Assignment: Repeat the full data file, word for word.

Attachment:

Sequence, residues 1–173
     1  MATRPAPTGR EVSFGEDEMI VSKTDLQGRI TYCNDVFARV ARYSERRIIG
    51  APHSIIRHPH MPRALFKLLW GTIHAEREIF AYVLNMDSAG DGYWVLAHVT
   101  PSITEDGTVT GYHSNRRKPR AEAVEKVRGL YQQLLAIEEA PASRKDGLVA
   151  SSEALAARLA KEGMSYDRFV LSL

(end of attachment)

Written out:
Sequence, residues 1–173
     1  MATRPAPTGR EVSFGEDEMI VSKTDLQGRI TYCNDVFARV ARYSERRIIG
    51  APHSIIRHPH MPRALFKLLW GTIHAEREIF AYVLNMDSAG DGYWVLAHVT
   101  PSITEDGTVT GYHSNRRKPR AEAVEKVRGL YQQLLAIEEA PASRKDGLVA
   151  SSEALAARLA KEGMSYDRFV LSL